I promised to post this a couplr of days ago , but I've ben busy.
Unbeliveable how the workload goes trough the roof , when the puppies learn to walk!
Well , I promised you my procedure for adjusting suspension , and here it is.
Adjusting your suspension. First of all, sag and rebound should be adjusted before even hitting the trails.
Before starting , turn all compression dials to fully open (soft) and rebound about 1/3 in from fully open (fast) If your shock or fork has some sort of pedal platform damping as Fox' propedal , Manitou SPV or floodgate , turn it off. on manitou swinger use minimum spv pressure.
Sag should be about 20% for 80-100mm suspension , up to 35% for 180-200mm suspension.
With a off-road bike , you allways set sag while standing in your attack-position. For a road bike , you have to consider if you aproach the bumps you encounter in your rides sitting or standing. Use a zip-tie on your fork , and a o-ring on your air-shock. It's a bit more dificult with coil-shocks , you might just have to eyeball it. If you have a fox terralogic fork you have to stand in position up to half a minute , while the fork sinks into its sag.
Setting rebound: The easiest way to find a basic setting for rebound , is riding off a curb or a single step 2/3 of a foot to a foot high. Try to land as balanced as possible on both wheels. When you land , you should go down into the travel , then rebound ONCE, and stop. You should ideally rebound as fast as possible , without overshooting up and the down again. A gopro on slow-motion , or a friend with good eyes are invaluable when doing this.
Compression: Compression is a bit more difficult to set , as it highly depends on riding style and preferences ,wich controls you have on your shock , and the design of the suspension.
There is no easy test you can use to eyeball it , it's all about feel.
Fork: The goal on downhill bikes is to use as much suspension as possible without bottoming out on a certain track, but for general trail-riding , and for a e-bike doing higher speeds You could do with more compression to keep the wheel from getting airborne.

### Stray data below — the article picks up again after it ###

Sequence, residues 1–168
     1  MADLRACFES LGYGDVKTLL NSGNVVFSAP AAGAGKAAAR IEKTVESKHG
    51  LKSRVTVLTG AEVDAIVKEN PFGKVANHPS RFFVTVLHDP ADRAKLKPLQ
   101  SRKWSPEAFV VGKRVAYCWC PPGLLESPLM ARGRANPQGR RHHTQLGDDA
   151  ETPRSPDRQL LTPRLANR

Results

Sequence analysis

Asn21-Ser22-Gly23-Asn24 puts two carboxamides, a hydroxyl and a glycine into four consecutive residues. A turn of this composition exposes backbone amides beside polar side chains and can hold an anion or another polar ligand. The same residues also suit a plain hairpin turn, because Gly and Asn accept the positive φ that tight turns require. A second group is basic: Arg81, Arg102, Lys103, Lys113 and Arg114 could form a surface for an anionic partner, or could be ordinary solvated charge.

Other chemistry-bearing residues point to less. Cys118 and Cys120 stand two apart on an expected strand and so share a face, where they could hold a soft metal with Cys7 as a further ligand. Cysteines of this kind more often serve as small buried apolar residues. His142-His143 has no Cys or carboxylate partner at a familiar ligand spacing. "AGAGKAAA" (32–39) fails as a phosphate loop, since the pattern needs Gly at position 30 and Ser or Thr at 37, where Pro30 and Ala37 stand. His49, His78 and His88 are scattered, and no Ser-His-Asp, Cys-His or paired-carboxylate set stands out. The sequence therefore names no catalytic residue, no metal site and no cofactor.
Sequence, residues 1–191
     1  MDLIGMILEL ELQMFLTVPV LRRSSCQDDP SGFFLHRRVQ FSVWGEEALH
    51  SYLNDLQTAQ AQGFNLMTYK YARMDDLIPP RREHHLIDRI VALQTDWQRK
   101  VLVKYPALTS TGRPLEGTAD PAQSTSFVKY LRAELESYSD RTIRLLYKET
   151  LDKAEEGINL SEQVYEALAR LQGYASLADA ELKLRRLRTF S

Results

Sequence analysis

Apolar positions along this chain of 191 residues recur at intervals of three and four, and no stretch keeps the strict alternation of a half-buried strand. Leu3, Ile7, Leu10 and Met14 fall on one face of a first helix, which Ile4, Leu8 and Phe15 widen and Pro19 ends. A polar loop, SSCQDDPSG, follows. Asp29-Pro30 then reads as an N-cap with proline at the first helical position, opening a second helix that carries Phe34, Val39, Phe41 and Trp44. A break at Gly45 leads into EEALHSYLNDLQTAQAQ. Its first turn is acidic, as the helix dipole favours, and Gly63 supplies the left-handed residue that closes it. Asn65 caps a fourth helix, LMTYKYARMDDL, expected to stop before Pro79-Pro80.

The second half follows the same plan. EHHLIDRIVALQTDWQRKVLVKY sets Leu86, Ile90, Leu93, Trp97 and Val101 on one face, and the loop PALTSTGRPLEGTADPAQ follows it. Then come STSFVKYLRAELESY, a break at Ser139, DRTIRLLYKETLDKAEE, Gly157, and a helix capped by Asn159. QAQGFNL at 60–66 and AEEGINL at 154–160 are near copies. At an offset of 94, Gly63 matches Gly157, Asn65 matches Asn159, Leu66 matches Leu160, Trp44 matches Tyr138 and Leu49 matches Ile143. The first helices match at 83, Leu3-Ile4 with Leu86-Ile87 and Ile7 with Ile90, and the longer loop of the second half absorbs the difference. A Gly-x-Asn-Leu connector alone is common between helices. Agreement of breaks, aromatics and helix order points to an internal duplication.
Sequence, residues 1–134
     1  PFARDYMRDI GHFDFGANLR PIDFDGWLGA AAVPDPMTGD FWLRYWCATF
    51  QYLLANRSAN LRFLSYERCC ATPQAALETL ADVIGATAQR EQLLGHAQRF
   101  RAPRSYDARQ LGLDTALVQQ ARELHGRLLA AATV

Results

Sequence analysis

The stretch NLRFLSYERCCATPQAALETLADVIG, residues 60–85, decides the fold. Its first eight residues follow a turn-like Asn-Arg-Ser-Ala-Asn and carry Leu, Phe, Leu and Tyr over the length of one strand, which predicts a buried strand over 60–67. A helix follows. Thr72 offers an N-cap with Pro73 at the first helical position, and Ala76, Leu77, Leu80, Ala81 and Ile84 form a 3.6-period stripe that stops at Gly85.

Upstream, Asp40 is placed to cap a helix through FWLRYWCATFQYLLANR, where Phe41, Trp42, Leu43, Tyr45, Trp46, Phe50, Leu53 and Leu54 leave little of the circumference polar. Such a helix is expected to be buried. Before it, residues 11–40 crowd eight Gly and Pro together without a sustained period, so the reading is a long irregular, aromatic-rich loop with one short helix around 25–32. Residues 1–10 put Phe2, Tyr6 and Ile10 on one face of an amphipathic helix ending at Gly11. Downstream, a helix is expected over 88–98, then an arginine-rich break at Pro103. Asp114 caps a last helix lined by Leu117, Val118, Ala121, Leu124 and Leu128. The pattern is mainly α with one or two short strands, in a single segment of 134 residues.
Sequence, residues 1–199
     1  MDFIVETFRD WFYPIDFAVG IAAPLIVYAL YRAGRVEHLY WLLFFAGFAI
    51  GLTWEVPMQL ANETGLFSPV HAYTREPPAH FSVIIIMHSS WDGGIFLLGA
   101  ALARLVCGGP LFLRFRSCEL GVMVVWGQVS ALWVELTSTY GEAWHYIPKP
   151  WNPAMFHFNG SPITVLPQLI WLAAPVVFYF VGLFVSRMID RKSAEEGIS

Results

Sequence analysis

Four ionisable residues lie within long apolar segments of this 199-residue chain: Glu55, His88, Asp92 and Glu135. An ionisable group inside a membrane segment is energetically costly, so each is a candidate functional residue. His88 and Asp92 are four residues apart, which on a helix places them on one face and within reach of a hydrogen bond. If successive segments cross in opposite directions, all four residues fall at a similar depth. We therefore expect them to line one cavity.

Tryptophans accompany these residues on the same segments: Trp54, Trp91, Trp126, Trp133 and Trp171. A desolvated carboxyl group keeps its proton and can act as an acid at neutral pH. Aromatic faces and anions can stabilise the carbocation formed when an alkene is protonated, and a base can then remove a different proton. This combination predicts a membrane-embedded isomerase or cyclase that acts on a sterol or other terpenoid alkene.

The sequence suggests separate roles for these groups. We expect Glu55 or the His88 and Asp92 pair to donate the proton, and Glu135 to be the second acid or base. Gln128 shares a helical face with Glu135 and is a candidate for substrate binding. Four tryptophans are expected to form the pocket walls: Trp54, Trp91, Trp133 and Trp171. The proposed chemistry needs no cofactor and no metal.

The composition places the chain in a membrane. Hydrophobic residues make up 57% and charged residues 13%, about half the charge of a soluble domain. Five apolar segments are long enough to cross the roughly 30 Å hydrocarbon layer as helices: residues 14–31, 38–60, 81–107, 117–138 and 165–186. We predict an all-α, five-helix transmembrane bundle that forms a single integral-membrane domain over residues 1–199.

First , if you have low-speed compression , you use it to dial out brake-dive , and to get a stable feel when going over smooth, flowy terrain. I start fully open , and do a series of braking tests at about 10-15mph. I turn in the lo-speed dial two clicks between each brake test. until I dont feel a significant decrease of brake-dive. then I turn it out two clicks again and do another test. then I turn it one click in again. One of the three last positions usually feels best.
Find a square bump on a straight about 1/2 foot high. do a high speed run over it, starting with compression fully open. Between each run, you turn the compression (high speed if you have) two clicks in until you feel the force from the bump trough your handlebar starts to ramp up.
Now it's time to adjust the rear compression.
First , low speed compression , if you have. The idea here is to get a good balance with the front lo-speed compression. I just pump the bike up and down when riding slow (5mph) Sice you are done with the fork's lo-speed , and the rear lo-speed comp is fully open , the rear will be much softer than the front. adjust a couple of clicks in and try again. If the rear get firmer than the front , you back off a couple of clicks.
Then at last you find a nice berm , put a rock or a small log in the middle of the turn to make a half foot square bump. Then I go riding over it. If I feel the bump hard trough the handlebars or the saddle, reduce compression damping (high speed , if you have). If you feel a wheel skipping outwards in the turn , and changing my line , I use more compression damping (again , high speed if you have)on the wheel that skips.
It's important to find a nice wide berm , as it makes for a much easier recovery from skipping sideways over the bump.
A nice way to fine tune low-speed compression is to find a trail with wery flowy profile , where you go down into a mild compression. Here you will easily feel it ther is a imbalance between the front and the rear.
This is my basic procedure , but there are many more. I'll try to find some more and post up later.